In the days before Women’s Wear Daily and W, the fashion trade paper’s glossy sister title, were purchased by Condé Nast, Peter and I worked just a few steps apart in the massive third-floor newsroom on East 34th Street. His work stood out, so I suggested he write for the magazine and wound up editing several of his stories, including the piece on Guy Bourdin, the French fashion photographer notorious for his sadomasochistic imagery, that was later taken as a sign of Peter’s twisted mind. He filed on deadline, and his copy was clean. The guy seemed okay.

In January 2011, the first letter from Peter turned up in my mailbox at The New York Observer. “Guess who,” it began, going on to suggest I visit him in prison to get “the definitive interview.” He said he’d been following my work and expressed annoyance that he’d failed to kill himself that day in December 2005, when he stood on a street in Memphis, Tenn., confronted by a campus security officer after being recognized from America’s Most Wanted, drew a T-shape punch knife and repeatedly plunged it into his neck in an attempt to sever his jugular vein. “I was so close, man,” he wrote. “I felt like I had played my part to the hilt, but death cheated me and refused to validate my parking ticket. (That’s right—as you might have suspected, death is from LA).”

It was a long letter, seven pages penned in a tight hand, amusing and genial, without a single cross-out. Peter has a keen sense of irony and a disarming if mordant wit, qualities that were highly evident during his stint as journalist. They are also qualities that made what followed all the more bewildering. A talented, well-connected writer with a graduate degree in history and a bright future, Peter didn’t fit the profile.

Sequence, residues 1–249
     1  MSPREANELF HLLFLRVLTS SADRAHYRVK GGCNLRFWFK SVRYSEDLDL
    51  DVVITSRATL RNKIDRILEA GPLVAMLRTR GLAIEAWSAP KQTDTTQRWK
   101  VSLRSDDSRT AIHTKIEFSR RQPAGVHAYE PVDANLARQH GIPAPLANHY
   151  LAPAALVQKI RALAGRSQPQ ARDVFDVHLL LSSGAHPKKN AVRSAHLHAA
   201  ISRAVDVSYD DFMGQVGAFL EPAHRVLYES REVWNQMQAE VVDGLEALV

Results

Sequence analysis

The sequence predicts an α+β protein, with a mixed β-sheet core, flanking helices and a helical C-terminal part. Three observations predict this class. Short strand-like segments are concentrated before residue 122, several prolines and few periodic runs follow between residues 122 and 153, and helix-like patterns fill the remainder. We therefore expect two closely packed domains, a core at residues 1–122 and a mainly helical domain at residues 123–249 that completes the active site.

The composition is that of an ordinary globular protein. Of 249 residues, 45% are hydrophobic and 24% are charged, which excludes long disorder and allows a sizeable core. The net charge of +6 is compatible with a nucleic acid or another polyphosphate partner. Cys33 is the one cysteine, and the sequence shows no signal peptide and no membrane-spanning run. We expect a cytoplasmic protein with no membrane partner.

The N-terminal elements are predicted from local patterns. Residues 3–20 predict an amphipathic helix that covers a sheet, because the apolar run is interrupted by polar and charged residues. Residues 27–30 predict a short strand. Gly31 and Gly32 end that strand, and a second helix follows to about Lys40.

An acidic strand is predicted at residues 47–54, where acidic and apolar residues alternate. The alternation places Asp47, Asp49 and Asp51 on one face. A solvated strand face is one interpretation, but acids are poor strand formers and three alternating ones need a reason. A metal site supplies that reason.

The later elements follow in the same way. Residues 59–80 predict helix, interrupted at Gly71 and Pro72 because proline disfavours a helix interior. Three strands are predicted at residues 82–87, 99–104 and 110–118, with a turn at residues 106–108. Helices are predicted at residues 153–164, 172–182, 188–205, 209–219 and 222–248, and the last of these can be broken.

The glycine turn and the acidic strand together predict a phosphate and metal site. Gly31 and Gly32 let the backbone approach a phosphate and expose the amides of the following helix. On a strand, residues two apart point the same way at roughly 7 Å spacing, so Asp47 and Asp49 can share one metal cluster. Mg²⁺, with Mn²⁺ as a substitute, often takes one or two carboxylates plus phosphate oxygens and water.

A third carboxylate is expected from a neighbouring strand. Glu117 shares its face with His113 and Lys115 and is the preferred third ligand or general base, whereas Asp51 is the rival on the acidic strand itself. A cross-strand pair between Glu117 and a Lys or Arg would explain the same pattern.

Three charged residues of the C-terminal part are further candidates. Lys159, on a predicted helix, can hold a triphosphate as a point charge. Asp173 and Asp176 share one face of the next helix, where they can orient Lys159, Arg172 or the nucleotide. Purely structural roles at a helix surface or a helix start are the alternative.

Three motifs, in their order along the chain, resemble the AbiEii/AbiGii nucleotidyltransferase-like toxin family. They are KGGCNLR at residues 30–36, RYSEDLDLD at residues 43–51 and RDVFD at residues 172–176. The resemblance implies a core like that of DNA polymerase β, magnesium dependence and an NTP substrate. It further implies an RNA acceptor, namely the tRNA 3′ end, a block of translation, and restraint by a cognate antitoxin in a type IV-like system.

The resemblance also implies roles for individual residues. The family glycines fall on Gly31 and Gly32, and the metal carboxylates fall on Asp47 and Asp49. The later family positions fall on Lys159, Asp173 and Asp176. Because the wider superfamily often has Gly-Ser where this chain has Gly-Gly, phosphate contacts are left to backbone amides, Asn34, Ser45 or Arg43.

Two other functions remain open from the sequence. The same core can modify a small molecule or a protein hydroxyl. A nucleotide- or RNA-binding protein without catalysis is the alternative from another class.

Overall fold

Receiving a letter from prison can be a seductive thing—especially for a journalist, especially if it comes from a “celebrity inmate,” a notorious figure whose crimes were lurid and sensational. While the crime had been avidly covered, Peter had never told his story in real depth, particularly his time on the run. Moreover, none of the many journalists writing about the case had access to Peter’s voluminous writings, including his criminal manifesto, his “Fugitive Diary,” or the Off-Off Broadway play Andy & Edie, the failure of which contributed to his mental break. I was, I’ll admit, curious to see this stuff.

Still, I had misgivings. Perhaps the most potent was the fear that I’d somehow be betraying my former colleagues—two of his victims—by even hearing his story. There was also a moral dimension. When you make the decision to eagerly harm an innocent person, there are consequences besides life in prison. It means the rest of us don’t need to sympathize with you, or like you, or be amused by you, or listen to a word you say ever again.

But the more I thought about it, the more convinced I became that this way of looking at it was flawed. Feeling that he’d been exiled and marginalized for his increasingly erratic behavior—most notably, quitting WWD in a fit of pique in October 2002 (having been reprimanded for insisting on an extra ticket to the Vogue/VH1 Fashion Awards)—was part of what had set Peter on his criminal path to begin with. Now that he was safely locked away, was there really anything to be gained from shutting him out further? Peter wasn’t just any psycho—he was a psycho I once knew. My psycho.

So on a gorgeous day in late August, I went.


Peter Braunstein, WWD Writer Turned Tabloid Monster, Still Has Issues